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Help — my baby hates solids!

Starting your baby on solids can be a fun — albeit messy — affair. But the fun wears off pretty fast when your little one develops a fussy palate. When you’re starting your baby on “real food”, what are some of the tips and strategies you can use to ensure the meals you serve are as palatable and nutritious as possible?

From around 4 to 6 months of age, your baby is ready to experiment outside of the milk bar with solid foods. Until this age, they need only breastmilk or formula to survive, but as they grow and develop, they reach a point where their nutrient stores can no longer be met by milk alone.

You can start introducing solids any time from around 4 months, and Lynsey Bradley, child nutritionist and owner of Sydney-based nutrition school, Tuckshop, suggests it’s worthwhile starting your baby on food before they hit the 7-month-old mark.

“Studies have shown an increased risk of allergies when solids are delayed past 7 months,” she says. “There is also a risk that your baby will lack iron and some also say that delayed introduction of solids can lead to very fussy children.”

Fussy babies and fussy children lead to frustrating meal times, both for the kids and for the parents. So, how can you manage a fussy eater?

Don’t be afraid to take a step back

We tend to think of our baby’s growth as a process that moves forward in one straight line. The truth is, they zigzag with their milestones more often than not, taking great strides forward one day, only to move back a few paces the next.

For instance, your baby may be happily chomping away on baby rice cereal for a week or two, before unceremoniously deciding they’re no longer interested.

Case in point: Just before my daughter’s first birthday, she abruptly lost her appetite. All of the meals she usually enjoyed, like spaghetti bolognese and cottage pie, were suddenly met with a clamped mouth.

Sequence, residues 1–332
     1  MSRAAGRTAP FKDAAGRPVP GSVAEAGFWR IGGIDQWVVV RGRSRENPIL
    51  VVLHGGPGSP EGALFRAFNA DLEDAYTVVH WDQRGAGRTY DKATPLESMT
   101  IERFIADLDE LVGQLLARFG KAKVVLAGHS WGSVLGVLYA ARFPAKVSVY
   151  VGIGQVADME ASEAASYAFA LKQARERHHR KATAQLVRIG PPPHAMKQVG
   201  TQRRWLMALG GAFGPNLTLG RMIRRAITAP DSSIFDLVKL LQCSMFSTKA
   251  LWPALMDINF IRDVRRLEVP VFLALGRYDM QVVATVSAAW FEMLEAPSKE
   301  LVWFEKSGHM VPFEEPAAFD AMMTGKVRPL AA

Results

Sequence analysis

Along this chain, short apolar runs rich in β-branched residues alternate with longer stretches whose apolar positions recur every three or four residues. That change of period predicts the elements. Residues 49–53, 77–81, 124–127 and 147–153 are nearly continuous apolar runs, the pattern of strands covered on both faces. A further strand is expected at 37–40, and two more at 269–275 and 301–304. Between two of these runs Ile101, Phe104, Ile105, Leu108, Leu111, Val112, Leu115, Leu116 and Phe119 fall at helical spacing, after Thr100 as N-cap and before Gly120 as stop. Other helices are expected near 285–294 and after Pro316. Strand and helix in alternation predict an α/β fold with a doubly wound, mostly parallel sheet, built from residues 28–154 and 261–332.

Within a few days, she had a snotty nose, which made me realise she must have had a sore throat, making swallowing her previously-favoured meals a painful chore.

A busy mum’s guide to food >>

Although she was on the mend from her mini-cold within a week or so, it took at least a few weeks afterward for her to get back to normal.

To make sure she still had a full belly, I fed her smooth, pureed meat and vegetable mixes from the supermarket. Soon after that, she began taking slightly chunkier homemade purees again and we’re now slowly re-introducing finger foods, like cooked chicken, pasta and sausages.

The moral of the story? Don’t fret about moving back a stage or two with your baby’s food progress. If you start your baby on solid food and they decide they’re not interested, try something else instead. Heinz offers a range of products specifically designed for a new, discerning palate. Consider trying each flavour to determine which one your child likes best and build from there.

Is my baby fussy because they’re not ready for solids?

The honest answer? There’s no way to tell when a baby is “ready”. Experts suggest you look for signs of readiness. For instance, your baby may seem interested in the food you’re eating, or you may pick up on changed routines that indicate that their milk feeds aren’t quite filling them up.

It’s really up to you to use your discretion about when to start. If you have any questions or concerns about when to start your little one on solids, it doesn’t hurt to speak to your GP or contact Health Direct’s Pregnancy and Baby Hotline. This is a free health service provided by the Australian Government.

More baby tips

Is my baby ready for solid foods?
The 5 Ts of introducing solids to your baby
The busy mum’s guide to healthy baby snacks

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